Some of Gov. Mike Dunleavy’s proposed budget cuts and property tax repeal bills could negatively impact credit quality for municipalities, according to a report by Fitch Ratings credit agency.

The report was provided by a legislative staff member. Fitch's San Francisco-based director Andrew Ward said the report is part of an unpublished draft.

Credit ratings are vital to the local government's borrowing power and lower credit ratings make it more expensive to finance projects.

Fitch cited Dunleavy’s proposal to change property tax laws featuring oil and gas facilities — Senate Bill 57 and House Bill 59. The state and municipalities with oil and gas property, such as a pipeline, levy taxes based on the state assessment. Oil companies can deduct their local taxes against the state taxes. Under these bills, the state would receive all of the revenue, leaving municipalities to make up the losses.

The North Slope Borough, relies heavily on these property taxes, weighed in sharply against SB 57 in a joint statement with the Arctic Slope Regional Corp.

“For decades, we have supported safe and responsible natural resource development on the Arctic Slope because of the economic benefits the industry brings to our communities,” said borough Mayor Harry K. Brower Jr. “As written, Senate Bill 57 makes us question that support. Is this what the governor is intending to do with this legislation – pit the Iñupiaq people of the Slope against industry?”

“This is revenue our region has relied on for 40-plus years to dramatically improve our quality of life – it supports everything from public safety in our communities to even reliable power and heat. These are services, let’s not forget, that are not provided by the state,” said Rex A. Rock Sr., ASRC's president and CEO. “Trying to balance a state budget on the backs of the Iñupiat people across the Arctic Slope is a wrongsided attack on our region.”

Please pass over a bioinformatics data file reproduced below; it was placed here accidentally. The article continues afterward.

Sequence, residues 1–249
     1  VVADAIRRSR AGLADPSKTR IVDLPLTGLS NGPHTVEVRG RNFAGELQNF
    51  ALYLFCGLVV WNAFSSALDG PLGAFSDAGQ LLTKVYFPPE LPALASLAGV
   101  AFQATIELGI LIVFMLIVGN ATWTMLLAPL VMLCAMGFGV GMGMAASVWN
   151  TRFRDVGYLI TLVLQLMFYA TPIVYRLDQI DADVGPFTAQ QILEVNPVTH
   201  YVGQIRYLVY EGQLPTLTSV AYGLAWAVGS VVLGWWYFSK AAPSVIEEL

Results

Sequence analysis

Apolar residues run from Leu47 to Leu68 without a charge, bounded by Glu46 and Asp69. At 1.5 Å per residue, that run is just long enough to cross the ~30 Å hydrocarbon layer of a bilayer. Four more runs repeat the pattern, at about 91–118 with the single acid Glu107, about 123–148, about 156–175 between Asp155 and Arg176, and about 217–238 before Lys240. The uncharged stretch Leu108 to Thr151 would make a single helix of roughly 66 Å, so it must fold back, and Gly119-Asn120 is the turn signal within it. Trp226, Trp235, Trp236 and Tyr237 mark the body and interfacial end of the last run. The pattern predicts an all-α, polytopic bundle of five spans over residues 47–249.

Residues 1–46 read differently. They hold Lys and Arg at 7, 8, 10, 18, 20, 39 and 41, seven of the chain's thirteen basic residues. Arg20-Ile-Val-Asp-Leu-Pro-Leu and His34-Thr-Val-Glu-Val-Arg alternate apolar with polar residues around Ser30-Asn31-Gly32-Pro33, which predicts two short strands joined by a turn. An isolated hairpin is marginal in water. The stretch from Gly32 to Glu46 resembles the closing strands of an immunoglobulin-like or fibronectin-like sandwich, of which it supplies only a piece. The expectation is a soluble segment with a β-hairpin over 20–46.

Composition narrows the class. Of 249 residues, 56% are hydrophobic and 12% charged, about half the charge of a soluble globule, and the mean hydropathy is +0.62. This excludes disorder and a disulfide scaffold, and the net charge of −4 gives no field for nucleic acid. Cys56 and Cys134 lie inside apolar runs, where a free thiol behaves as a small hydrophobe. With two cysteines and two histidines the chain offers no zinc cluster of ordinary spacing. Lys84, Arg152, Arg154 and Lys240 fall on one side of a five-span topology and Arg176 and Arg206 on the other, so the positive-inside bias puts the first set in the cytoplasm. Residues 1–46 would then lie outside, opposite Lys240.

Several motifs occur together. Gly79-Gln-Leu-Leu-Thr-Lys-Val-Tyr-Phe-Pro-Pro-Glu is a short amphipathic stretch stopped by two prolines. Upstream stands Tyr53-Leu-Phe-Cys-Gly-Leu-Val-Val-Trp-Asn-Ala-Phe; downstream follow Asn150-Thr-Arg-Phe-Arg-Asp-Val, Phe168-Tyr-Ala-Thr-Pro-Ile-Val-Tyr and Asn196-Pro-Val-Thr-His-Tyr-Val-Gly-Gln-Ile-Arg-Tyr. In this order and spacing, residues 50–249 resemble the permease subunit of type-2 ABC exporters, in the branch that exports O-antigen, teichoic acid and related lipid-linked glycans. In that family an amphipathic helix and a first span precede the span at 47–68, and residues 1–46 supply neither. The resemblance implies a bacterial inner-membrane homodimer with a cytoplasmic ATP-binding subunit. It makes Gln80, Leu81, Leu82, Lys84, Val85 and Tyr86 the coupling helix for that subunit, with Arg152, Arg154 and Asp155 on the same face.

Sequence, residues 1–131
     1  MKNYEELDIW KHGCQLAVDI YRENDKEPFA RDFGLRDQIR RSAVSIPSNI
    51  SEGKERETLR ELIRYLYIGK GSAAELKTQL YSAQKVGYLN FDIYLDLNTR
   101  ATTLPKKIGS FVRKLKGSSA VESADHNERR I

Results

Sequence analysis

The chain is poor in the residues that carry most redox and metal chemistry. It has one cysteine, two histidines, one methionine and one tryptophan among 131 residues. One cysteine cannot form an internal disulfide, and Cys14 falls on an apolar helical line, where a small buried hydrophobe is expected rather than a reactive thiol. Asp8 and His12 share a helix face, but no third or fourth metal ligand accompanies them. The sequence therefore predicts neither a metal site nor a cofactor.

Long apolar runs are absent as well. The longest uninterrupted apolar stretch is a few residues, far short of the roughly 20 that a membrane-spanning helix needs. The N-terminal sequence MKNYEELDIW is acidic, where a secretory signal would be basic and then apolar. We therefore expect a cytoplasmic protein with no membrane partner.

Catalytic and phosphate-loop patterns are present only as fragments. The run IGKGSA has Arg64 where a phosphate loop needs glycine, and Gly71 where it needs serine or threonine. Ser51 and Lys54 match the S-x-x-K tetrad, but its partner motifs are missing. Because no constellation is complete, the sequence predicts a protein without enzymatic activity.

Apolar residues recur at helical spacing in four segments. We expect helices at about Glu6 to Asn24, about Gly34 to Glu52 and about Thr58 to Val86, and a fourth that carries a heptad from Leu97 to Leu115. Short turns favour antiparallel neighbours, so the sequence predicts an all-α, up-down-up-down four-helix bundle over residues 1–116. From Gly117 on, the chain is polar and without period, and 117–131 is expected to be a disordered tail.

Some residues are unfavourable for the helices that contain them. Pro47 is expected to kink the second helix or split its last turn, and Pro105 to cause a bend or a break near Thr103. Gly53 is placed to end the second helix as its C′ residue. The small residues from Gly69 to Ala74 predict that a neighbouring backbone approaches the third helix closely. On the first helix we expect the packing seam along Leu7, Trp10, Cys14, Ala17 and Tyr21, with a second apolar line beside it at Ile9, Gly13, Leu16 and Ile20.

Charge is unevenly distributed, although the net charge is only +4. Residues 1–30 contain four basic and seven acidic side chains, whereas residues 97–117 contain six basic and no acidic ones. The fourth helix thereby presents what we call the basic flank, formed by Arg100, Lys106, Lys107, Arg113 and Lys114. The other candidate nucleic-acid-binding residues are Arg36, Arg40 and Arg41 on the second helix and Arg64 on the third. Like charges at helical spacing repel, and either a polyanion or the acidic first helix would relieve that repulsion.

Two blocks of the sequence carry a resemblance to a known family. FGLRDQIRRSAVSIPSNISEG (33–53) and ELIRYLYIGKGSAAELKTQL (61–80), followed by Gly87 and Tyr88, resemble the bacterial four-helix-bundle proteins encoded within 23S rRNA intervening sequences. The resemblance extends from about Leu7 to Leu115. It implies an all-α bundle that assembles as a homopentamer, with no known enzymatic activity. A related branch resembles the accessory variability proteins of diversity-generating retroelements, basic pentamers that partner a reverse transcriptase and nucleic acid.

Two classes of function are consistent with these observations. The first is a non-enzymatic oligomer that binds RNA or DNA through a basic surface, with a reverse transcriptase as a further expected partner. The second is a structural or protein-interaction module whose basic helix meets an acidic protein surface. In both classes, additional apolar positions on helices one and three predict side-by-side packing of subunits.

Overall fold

So does the Fairbanks North Star Borough and Valdez, but Fitch says the North Slope Borough takes the biggest hit. Fitch estimates the borough could lose $372 million — about 93 percent of its 2018 property tax revenues.

“Fitch believes the borough is unlikely to be able to reduce spending to match revenues available under the governor's plan,” the report said.

Fitch did not forecast any rating changes, because the “prospects for passage are highly uncertain.”

Fitch also identified drastic cuts to the University of Alaska system, Department of Health and Social Services and public education as a concern.

The report said: “Reductions in formulaic school funding could put the onus on borough policymakers to partially backfill some district revenue losses and could crowd out spending on other services, creating budget stress for borough governments.

“Cuts in overall state and local government spending could also have negative impacts on employment and economic activity. Government is the first or second largest employer in many Alaska boroughs.”

Ward said Fitch's final draft could change substantively.

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